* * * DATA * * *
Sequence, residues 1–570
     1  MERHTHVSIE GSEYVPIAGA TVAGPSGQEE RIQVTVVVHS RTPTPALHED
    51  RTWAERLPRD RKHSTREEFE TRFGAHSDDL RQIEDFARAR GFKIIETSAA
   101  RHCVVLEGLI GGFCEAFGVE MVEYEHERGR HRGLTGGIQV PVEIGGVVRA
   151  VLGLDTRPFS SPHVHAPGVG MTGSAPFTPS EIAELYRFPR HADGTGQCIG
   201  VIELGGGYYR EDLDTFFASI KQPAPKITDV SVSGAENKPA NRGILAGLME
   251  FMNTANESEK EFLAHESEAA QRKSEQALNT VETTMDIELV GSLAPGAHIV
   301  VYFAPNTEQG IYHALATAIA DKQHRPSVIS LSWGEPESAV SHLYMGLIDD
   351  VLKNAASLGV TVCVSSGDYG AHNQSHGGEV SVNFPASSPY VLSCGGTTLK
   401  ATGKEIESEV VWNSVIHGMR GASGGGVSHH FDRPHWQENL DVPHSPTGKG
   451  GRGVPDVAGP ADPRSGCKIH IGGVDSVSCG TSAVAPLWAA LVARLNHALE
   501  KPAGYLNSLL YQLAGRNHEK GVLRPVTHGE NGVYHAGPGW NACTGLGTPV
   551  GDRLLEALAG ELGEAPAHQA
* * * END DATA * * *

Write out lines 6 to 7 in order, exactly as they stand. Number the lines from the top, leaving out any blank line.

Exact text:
   201  VIELGGGYYR EDLDTFFASI KQPAPKITDV SVSGAENKPA NRGILAGLME
   251  FMNTANESEK EFLAHESEAA QRKSEQALNT VETTMDIELV GSLAPGAHIV